A study published in the July 2002 edition of the medical journal Blood found that THC and some other cannabinoids produced “programmed cell death” in different varieties of human leukemia and lymphoma cell lines, thereby destroying the cancerous cells but leaving other cells unharmed.
This reaffirms results by researchers at Madrid’s Complutense University, who destroyed otherwise uncurable brain cancer tumors in rats by injecting them with THC (CC#25, THC destroys brain cancers). Their study was published in the March 2000 issue of Nature Medicine. This ground-breaking research received almost no media attention, and has not been pursued as the researchers couldn’t get further funding (CC#29, No funding for THC tumor research).
The lack of funding is typical of how such research is usually not followed up. For example, a 1974 study by researchers at the Medical College of Virginia, funded by the US National Institute of Health, found that THC slowed the growth of lung cancer, breast cancer and virus-induced leukemia in rats.
The 1974 study, titled “Antineoplastic activity of cannabinoids,” appeared in a 1975 edition of the Journal of the National Cancer Institute. Yet despite their promising results, no further research was made, and the study has essentially disappeared from the scientific literature.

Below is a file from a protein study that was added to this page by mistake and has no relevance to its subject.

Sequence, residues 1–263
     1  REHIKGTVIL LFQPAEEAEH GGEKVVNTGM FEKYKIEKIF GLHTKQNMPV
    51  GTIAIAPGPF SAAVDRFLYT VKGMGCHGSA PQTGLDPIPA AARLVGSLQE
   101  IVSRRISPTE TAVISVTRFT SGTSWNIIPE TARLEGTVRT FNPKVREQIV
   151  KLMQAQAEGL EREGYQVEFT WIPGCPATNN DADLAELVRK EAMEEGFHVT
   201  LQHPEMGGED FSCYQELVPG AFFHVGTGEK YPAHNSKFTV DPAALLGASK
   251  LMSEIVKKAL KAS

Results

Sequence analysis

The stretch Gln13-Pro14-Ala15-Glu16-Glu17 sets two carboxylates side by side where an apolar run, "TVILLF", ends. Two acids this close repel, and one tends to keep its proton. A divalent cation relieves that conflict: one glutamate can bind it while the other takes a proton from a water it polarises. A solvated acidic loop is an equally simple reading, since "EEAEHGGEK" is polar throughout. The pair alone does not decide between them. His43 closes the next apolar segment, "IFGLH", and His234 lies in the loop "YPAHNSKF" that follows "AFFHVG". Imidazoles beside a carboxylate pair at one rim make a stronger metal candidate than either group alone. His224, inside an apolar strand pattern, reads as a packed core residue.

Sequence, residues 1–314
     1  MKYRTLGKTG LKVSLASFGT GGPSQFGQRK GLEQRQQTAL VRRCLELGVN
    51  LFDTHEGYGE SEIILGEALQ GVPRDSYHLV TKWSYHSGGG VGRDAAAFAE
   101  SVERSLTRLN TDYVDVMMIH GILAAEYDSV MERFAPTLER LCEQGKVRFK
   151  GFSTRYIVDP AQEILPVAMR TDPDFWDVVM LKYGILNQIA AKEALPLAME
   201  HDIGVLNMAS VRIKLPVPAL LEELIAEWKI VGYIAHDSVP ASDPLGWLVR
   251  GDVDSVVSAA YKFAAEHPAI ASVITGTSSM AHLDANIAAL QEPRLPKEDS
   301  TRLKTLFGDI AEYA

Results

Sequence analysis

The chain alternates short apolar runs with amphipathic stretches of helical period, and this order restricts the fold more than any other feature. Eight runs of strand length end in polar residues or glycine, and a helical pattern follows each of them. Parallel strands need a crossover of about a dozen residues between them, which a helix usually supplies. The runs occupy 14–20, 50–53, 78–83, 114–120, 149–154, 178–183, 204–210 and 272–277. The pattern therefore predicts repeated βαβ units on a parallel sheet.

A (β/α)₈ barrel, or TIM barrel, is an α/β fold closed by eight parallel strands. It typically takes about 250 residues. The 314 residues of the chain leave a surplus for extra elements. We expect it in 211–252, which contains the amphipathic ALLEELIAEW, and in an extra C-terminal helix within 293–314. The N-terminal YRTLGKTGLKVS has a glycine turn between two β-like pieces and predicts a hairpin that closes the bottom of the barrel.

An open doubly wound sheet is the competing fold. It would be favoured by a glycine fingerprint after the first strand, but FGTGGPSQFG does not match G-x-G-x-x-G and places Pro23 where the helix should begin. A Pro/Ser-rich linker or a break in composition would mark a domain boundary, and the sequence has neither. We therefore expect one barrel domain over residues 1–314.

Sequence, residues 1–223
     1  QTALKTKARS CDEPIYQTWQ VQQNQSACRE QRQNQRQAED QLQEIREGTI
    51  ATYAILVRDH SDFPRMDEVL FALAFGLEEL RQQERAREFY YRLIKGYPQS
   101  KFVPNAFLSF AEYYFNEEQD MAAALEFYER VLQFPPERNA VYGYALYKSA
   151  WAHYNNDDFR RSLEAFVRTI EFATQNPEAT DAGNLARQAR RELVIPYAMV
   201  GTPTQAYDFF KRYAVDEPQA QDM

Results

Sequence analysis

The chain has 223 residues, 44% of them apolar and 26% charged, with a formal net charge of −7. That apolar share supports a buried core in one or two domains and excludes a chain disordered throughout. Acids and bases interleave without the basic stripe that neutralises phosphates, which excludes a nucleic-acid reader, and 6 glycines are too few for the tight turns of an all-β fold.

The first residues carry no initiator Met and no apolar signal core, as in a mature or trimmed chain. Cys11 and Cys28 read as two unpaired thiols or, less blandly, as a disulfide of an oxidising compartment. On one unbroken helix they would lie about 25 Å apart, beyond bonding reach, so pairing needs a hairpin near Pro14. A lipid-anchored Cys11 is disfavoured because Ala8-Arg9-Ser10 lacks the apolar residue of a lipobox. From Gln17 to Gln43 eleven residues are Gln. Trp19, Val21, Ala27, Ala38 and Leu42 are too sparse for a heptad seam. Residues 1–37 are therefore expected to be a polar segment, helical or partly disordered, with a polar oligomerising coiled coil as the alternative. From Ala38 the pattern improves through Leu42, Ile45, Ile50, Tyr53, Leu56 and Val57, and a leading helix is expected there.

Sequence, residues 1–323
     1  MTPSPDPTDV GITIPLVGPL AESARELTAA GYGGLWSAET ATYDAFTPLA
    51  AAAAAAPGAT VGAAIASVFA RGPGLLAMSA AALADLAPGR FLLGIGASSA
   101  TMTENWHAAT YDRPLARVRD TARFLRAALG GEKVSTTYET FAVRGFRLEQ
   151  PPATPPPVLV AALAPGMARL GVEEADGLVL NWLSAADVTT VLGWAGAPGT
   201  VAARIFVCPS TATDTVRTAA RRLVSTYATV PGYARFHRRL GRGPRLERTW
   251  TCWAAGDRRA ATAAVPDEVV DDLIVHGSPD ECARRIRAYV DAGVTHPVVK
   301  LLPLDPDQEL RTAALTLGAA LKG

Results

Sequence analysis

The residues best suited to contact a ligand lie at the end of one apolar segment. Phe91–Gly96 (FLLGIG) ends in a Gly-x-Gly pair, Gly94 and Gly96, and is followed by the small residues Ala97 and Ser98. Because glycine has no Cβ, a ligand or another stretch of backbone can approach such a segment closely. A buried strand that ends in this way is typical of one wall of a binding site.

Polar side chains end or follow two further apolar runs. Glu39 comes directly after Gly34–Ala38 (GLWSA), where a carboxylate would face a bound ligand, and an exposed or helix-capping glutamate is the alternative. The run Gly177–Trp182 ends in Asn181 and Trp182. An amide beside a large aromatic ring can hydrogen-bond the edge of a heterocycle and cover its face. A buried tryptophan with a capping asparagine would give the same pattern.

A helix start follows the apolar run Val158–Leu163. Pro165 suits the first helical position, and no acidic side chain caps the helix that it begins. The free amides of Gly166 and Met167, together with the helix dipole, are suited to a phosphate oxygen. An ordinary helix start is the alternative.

Similarly, a 1994 study, which documented that THC may protect against malignant cancers, was also buried by the US government. The $2 million study, funded by the US Department of Health and Human Services’ national toxicology program, sought to show that large doses of THC produced cancer. Instead, researchers found that massive doses of THC retarded certain types of stomach cancer in rats. The rats given THC lived longer than their non-exposed counterparts.
The study was unpublished and the results hidden for almost three years, until it was leaked to AIDS Treatment News in 1997, and the Boston Globe broke the story days later (CC#17, THC for tumors).
A study by Italian scientists, published in the July 1998 Proceedings of the National Academy of Sciences, found that anandamide inhibited the growth of breast cancer cells. Anandamide is the naturally occurring body chemical which is mimicked by cannabinoids.
Other studies have shown that cannabinoids can also help prevent the death of brain cells during a stroke, head trauma and nerve gas exposure (CC#16, Marijuana protects your brain).
Click here for the abstract of the lymphoma study in the journal Blood.
Click here for a United Press article on the Madrid brain cancer study.
For an abstract of the Madrid brain cancer study, click here, the select the subject area “Cancer” and click “search”.
Click here for a mainstream media article on the suppressed 1974 study on THC and lung cancer, breast cancer and leukemia.
Click here for a mainstream media article about media bias and the suppressed 1994 US government study showing THC protects from malignant cancers.
Click here for the complete text of the 1998 study showing anandamide inhibits growth of breast cancer cells.
Click here for links to many studies on the therapeutic effects of cannabinoids.